On the upside, a renewal of the welfare state and a big shakeup/redistribution could also happen. It's the rioting and the threat of revolution that forces the ruling class to make accomodations.
posted by i_am_joe's_spleen at 3:56 PM on June 5, 2013 [1 favorite]


Almost 20 years ago, Dominique Wilkins played basketball in Greece during the NBA lockout and when he would shoot free throws, the crowd would chant, "K-K-K!" to get him to miss. There was at least something innocent about those jokes; obviously the KKK has no presence in the Balkans. Things have gotten far worse since then. Just the other day a player for AEK celebrated a goal with a Nazi salute. No good deed goes unpunished, however; in an unrelated act of aggression the following game, his team gave up a late goal and shortly after they were chased out of their own stadium by their own fans.


While it's technically probably true that the KKK per se isn't operating in Greece, they do have bands of white guys roving the streets attacking black people and destroying their livelihoods, so it's more of a six-of-one situation.

Somewhat unrelatedly, I went to an AEK game a few years ago where they were chased off the pitch after winning, in a season where they finished 3rd in the league and qualified for European competition, as opposed to being relegated like this year. In fairness, they looked like they were more interested in joyously mobbing the players and taking their clothes than in attacking anyone, but the players all immediately sprinted toward the locker room just the same.
posted by Copronymus at 3:56 PM on June 5, 2013


I often wonder what would happen if you could magically transfer these nationalist groups and their hangers-on to a planet or a land populated only by people they approve of. On whom would they turn then, since they very much seem to need an Other to fuel their hate machine?

There was a brief part of the article where the guy talked about his friend from Siena, who was a Porcupine. Which was a neighbourhood in Siena that fake battles the other neighbourhoods at an annual festival. And how he wouldn't be happy if his porcupine son married a Wolf girl. You know, another white Italian chick whose familia has been living three blocks away for 900 years.

So there's that.

Been a great thing for the cuisine, though, this bullshit.
posted by Diablevert at 4:01 PM on June 5, 2013 [6 favorites]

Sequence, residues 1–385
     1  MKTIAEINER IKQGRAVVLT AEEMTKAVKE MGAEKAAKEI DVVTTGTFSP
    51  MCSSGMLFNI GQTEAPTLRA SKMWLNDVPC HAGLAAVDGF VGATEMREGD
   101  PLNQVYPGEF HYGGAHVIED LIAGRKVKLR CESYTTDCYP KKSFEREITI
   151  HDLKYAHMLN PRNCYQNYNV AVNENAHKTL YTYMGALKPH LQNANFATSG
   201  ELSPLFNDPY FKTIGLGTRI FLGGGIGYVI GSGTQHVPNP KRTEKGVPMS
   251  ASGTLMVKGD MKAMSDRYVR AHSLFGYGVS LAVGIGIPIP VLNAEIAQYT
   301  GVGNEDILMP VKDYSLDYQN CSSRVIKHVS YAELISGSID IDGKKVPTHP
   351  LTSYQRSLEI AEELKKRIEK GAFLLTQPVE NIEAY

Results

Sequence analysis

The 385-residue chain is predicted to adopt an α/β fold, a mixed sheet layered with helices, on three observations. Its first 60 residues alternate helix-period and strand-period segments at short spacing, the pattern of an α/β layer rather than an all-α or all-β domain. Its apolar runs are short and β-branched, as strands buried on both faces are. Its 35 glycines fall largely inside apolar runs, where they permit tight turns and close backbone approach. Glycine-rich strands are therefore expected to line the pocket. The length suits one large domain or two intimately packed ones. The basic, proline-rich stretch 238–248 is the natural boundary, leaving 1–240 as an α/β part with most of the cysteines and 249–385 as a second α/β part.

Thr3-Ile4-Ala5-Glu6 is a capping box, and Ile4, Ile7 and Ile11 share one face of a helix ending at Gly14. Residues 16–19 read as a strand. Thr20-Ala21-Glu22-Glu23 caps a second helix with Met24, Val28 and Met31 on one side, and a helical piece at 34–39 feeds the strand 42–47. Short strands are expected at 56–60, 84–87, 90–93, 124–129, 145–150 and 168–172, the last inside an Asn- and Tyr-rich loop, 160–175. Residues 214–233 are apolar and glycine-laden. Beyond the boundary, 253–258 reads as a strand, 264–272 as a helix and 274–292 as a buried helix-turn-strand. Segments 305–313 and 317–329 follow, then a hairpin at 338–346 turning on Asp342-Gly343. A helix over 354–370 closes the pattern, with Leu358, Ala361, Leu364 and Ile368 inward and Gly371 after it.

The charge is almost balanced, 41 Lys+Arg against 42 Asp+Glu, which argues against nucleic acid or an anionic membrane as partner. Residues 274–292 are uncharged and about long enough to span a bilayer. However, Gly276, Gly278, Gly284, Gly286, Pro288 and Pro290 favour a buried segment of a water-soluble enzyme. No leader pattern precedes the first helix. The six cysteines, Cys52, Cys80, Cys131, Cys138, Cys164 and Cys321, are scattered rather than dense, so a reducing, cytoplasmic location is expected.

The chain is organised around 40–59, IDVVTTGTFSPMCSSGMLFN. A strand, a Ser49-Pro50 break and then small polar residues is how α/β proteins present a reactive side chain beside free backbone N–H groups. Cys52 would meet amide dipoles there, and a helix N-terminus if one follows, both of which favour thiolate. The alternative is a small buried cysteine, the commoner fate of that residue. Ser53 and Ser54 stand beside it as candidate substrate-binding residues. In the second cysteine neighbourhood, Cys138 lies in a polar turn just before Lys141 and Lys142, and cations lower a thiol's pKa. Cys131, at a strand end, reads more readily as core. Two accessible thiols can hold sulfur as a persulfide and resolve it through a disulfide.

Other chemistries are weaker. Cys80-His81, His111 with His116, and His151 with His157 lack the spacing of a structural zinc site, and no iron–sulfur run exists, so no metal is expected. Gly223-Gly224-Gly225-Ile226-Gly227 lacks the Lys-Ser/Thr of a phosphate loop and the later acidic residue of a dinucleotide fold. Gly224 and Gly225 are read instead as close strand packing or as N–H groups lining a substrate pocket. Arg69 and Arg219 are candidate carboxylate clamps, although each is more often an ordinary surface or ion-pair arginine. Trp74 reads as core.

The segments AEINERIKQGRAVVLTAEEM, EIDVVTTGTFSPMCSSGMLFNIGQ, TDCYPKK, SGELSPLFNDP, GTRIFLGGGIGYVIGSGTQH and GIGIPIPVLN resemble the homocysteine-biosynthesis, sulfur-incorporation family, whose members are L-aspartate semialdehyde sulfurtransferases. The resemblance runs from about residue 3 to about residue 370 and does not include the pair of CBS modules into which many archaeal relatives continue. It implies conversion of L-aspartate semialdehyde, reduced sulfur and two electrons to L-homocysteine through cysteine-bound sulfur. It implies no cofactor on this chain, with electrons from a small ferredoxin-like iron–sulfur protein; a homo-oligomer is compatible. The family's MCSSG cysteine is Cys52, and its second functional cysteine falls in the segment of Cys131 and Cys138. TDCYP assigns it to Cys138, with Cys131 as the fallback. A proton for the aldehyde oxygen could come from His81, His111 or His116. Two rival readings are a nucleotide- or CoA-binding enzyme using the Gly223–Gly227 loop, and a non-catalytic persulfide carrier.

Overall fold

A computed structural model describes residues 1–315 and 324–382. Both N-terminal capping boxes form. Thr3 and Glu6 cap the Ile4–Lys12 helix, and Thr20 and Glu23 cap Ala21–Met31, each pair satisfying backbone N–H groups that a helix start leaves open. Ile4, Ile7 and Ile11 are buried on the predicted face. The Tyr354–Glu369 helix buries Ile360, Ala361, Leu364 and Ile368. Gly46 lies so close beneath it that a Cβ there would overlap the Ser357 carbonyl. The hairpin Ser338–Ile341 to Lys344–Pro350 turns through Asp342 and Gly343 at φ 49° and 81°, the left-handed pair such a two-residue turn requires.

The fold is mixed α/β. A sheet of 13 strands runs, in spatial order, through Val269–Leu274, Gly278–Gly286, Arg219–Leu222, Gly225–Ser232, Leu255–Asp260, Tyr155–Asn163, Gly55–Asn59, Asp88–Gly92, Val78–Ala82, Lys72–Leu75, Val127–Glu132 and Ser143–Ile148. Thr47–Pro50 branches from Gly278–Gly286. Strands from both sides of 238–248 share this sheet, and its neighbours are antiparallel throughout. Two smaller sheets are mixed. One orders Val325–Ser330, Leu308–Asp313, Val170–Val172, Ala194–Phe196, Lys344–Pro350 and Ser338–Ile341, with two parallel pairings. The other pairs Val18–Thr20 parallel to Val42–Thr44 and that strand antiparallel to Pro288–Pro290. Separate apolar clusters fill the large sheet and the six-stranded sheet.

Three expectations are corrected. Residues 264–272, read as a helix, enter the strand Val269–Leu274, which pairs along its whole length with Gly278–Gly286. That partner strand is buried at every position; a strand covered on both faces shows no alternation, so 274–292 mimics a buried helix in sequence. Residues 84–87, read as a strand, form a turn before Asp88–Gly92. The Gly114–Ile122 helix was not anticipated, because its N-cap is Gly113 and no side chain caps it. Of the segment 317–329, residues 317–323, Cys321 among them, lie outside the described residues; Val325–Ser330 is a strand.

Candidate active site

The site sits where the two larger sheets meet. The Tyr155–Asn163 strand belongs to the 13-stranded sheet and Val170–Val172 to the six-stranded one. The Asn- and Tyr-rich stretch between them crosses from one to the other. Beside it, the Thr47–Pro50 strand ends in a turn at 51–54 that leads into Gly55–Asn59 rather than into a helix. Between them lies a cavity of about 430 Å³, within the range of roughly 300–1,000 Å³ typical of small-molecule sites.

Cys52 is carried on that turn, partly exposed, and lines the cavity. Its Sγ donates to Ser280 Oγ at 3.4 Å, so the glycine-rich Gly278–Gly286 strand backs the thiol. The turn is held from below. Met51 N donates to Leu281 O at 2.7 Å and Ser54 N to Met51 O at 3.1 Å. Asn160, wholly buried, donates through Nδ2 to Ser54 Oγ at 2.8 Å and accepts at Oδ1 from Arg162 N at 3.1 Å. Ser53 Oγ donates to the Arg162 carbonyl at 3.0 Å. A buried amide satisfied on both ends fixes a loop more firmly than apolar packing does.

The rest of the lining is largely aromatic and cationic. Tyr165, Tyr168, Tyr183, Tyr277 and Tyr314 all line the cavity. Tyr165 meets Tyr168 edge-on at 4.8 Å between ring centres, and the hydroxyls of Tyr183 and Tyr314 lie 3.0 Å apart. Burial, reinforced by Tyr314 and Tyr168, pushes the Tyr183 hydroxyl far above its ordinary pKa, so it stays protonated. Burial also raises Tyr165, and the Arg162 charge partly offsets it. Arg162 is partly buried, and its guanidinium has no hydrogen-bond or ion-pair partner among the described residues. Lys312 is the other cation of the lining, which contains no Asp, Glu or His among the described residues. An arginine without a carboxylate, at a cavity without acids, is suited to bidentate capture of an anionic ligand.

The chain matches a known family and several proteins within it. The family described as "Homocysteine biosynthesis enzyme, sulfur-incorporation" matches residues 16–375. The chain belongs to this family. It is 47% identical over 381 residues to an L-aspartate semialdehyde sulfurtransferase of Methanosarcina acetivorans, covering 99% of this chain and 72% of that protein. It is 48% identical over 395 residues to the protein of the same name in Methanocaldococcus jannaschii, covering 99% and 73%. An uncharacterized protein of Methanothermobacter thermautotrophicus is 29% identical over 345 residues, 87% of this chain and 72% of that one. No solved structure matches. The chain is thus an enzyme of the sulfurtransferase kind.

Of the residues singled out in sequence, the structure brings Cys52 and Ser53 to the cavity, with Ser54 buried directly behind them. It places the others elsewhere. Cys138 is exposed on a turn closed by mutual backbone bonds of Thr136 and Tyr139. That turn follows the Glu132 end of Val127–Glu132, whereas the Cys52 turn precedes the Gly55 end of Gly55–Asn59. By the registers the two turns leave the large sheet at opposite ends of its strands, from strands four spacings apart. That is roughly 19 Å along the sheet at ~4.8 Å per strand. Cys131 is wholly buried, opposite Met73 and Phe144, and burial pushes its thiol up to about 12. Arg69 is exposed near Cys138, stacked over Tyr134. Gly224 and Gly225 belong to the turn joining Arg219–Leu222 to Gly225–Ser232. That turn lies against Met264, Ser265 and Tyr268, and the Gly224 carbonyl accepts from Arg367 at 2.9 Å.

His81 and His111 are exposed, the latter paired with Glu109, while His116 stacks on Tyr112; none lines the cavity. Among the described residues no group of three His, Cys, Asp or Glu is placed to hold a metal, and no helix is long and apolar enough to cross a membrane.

Great piece; thanks for posting it.
posted by languagehat at 4:03 PM on June 5, 2013


Thanks for posting the article. The sporadic racism of Italian football is a profoundly complex problem, and one that's really hard to grapple with from outsider's perspective. There's such cognitive dissonance, as the ESPN writer points out, in seeing ugly splenetic racist abuse rear its head in in an overt public setting in our apparently globalized sleekly modern 2013. It's like a coelacanth or something emerging from the god knows where in the middle of a FIFA-approved happy family of koi. And whilst other countries rend their garments over incidents that carry with them the baggage of racism (the Terry/Ferdinand saga; the appointment of Di Canio), the fact that often the Italian game seems determined to accept it somehow part of the order of things in some way just leaves onlookers aghast.

Fascism and football go way back in Italy. It was being used by Mussolini as an instrument and symbol of his ideas eighty years ago. His recent rehabilitation into a figure who is culturally available for parsing ("he did some good things and some bad things!" is far from an uncommon opinion) means that his legacy has been open for reclamation by contemporary fascists for some time now. Most crucially of all, the anni di piombo engendered a situation where heated antagonism and mutual recrimination are central aspects of political discourse, much more so than any other European country. And yet, as the writer also discovers, there's plenty of terrace racism distanced even from what we would comprehend as the socio-political discourse of the hard-right. What to outsiders and to the players looks, sounds, and feels like racism is often shrugged off as just a particular form of campanilismo or the enthusiastic posture of the ultra who will do anything they can to wind up the opposition, who is fair game for any taunt. And sometimes racism can just feel endemic in society as a whole, when some seemingly rational person just says something off the cuff that is so barkingly maddeningly racist in a casual way that you just want to bang your head against the table.
posted by hydatius at 4:07 PM on June 5, 2013 [3 favorites]


There was a brief part of the article where the guy talked about his friend from Siena, who was a Porcupine. Which was a neighbourhood in Siena that fake battles the other neighbourhoods at an annual festival. And how he wouldn't be happy if his porcupine son married a Wolf girl. You know, another white Italian chick whose familia has been living three blocks away for 900 years.

See also: Romeo and Juliet.
posted by 3FLryan at 4:08 PM on June 5, 2013 [1 favorite]


It's not just Italy (the history home of Fascism) that worries me. I'm also worried about Spain, and even more so about Greece.

I have to say, on this issue, Vice's coverage has just been absolutely consistently excellent. Back articles on the Greek stuff can be found with this tag.
posted by hydatius at 4:11 PM on June 5, 2013 [1 favorite]


By the way, six of the Pro Patria fans that caused K-P Boateng, Muntari et al. to leave the pitch has been sentenced today to between 40 and 60 days in jail.
posted by brokkr at 4:25 PM on June 5, 2013


Hydatius, from your username and location I cannot be sure you're Italian (as in, how much should I _explain_ for you to _understand_ etc. etc. bullshit).

In any case, whether you are or not, I was with you 100% until the 4th-from-last-word.
I disagree. Now, if you had said _their_ head against the table.....;-)

For the avoidance of doubt, as lawyers say, you're absolutely right.
posted by MessageInABottle at 4:30 PM on June 5, 2013


I'm not, but I lived there for a couple of years, and watched football from Serie A down through to what's now the Lega Pro.
posted by hydatius at 4:46 PM on June 5, 2013


Lord_wolf, Umberto Eco tried to put together a list if the most common fascist tropes

http://www.themodernword.com/eco/eco_blackshirt.html
posted by The Whelk at 4:51 PM on June 5, 2013 [4 favorites]


Hello, German central bankers, historical irony is calling on Line 1.
posted by jonp72 at 4:53 PM on June 5, 2013 [1 favorite]


Eco's piece's title: greatest pun, or greatest pun ever?
posted by thelonius at 5:01 PM on June 5, 2013